Maximize the benefits of your prenatal vitamin by selecting one that utilizes natural, as opposed to synthetic, forms. (I share a list of my favorite options here.) Just be sure to check with your primary care to confirm that your vitamin is suitable for your autoimmune condition.
Important Notes on Prenatal Flare-Ups
Some aspects of prenatal flare-ups are unique to pregnancy, alone. The rapid changes – including hormone levels, blood volume, uterus size, and immune function – put added stress on an already taxed body. While some autoimmune moms find their systems temporarily correct, others discover a surge in symptoms as the body struggles to adapt. For moms in the latter category, the symptoms may even increase as the pregnancy progresses, but should normalize within a few months following delivery.
Likewise, due to the surge of energy in the second trimester, it is easy to do too much only to experience a severe flare-up. Recovering from these flares can be a task. With so many resources directed toward growing a healthy baby, few reserves are available to restore your body when it is run down. This makes high-quality nutrition, as discussed above, and recovery protocols extremely important.
Come to Appointments Prepared to Recap the Previous Days/Weeks
Be diligent to keep your care provider informed of any new or recurring symptoms. While you may feel redundant or needy bringing a list to every appointment, this information will help your provider intervene early, should a problem arise.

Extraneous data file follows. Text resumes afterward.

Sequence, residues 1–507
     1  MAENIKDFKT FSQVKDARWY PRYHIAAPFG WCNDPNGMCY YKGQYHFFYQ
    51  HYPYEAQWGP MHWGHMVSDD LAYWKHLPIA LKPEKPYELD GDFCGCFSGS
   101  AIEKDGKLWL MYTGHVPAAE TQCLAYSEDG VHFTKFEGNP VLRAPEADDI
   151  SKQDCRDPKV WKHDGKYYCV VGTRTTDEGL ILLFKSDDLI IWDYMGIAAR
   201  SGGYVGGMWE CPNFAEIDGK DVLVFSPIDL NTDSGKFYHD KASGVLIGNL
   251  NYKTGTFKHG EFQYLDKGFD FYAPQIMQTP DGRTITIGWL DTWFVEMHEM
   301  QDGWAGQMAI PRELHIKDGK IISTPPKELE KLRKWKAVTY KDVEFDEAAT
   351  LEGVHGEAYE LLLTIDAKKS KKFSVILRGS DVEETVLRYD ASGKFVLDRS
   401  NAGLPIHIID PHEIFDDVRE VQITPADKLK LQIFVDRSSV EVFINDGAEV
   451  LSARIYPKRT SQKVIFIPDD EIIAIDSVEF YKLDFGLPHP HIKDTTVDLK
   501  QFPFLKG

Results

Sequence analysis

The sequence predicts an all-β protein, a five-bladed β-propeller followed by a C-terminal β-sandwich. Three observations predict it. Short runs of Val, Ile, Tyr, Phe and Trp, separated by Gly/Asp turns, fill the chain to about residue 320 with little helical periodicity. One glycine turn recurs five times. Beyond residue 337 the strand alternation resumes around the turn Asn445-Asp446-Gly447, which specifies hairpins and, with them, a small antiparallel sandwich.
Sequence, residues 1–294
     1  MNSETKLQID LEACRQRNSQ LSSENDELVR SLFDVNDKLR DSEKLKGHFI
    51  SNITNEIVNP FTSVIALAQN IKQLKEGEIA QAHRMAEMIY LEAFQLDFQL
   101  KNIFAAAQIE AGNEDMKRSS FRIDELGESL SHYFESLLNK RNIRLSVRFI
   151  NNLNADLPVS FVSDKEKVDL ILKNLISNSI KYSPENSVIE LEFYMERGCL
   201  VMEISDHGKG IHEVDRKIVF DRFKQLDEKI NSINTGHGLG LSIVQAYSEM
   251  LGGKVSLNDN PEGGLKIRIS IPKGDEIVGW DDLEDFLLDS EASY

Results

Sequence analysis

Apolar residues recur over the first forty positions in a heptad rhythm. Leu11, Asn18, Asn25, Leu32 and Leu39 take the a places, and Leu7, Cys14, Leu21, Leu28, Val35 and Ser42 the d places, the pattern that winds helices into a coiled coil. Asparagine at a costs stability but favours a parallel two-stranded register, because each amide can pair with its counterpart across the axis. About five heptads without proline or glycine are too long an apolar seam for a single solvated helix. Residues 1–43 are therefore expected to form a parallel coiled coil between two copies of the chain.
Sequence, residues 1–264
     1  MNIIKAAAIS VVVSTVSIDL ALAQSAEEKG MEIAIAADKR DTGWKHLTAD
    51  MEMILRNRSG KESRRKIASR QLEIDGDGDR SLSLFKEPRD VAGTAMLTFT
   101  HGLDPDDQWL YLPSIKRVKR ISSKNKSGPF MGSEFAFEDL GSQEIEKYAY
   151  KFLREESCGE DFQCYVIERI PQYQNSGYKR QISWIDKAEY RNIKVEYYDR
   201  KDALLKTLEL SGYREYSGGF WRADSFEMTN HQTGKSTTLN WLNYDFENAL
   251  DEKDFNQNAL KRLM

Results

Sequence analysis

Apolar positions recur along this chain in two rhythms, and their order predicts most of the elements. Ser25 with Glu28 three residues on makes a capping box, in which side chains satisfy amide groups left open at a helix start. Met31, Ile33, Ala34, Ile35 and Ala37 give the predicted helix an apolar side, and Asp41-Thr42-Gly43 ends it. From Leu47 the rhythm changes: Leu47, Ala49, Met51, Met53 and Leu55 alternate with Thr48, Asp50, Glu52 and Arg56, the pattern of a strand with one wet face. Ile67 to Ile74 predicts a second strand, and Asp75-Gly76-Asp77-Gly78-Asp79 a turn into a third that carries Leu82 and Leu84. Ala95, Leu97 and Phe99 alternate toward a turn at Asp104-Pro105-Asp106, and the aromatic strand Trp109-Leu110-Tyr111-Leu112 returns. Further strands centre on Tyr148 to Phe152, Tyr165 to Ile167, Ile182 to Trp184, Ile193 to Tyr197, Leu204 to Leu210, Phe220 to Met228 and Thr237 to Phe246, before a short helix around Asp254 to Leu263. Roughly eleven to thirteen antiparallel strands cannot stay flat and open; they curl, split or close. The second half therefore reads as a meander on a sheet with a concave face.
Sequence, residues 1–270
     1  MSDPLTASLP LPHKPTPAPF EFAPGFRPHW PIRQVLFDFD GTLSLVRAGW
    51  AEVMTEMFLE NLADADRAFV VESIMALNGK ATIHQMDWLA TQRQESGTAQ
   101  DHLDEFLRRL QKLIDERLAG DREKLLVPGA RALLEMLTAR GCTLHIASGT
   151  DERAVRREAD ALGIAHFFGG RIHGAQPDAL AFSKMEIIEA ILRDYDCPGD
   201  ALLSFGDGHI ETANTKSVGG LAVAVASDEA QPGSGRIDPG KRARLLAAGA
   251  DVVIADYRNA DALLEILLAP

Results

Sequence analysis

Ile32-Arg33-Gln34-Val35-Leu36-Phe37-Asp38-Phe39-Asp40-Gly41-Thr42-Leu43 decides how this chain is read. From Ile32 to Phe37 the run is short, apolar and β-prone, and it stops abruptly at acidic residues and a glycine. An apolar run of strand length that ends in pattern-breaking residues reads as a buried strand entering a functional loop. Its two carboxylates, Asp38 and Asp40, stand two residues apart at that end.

Track Your Symptoms
The easiest way to track new and recurring symptoms is to keep a daily log. Simply jot down any symptoms that you notice along with severity and duration. You can take this a step further by logging what you eat along with summaries of your workouts and mental state during the day.
Tracking your symptoms will also help you to begin identifying patterns that signal flare-ups. Once you know what to watch out for, you can modify your activities and/or introduce protocols to calm the flare before it really gets started.
Schedule Regular Appointments with Your Specialist
If you were seeing a specialist prior to pregnancy, continue scheduling appointments as your pregnancy progresses. While your OB is skilled in the intricacies of pregnancy, he/she is likely not intimately familiar with your condition. By continuing to see both providers, you can ensure more thorough care as your pregnancy progresses.
Be sure to present your specialist with a copy of your symptom log at each visit. He/she may identify red flags that your OB overlooks.
Even with the best prevention, occasional flare-ups will happen. Having a plan in place to temporarily hand off responsibilities and speed up recovery is essential. Not sure how to organize your recovery plan? I put together a simple worksheet to streamline planning. Gain access by signing up below.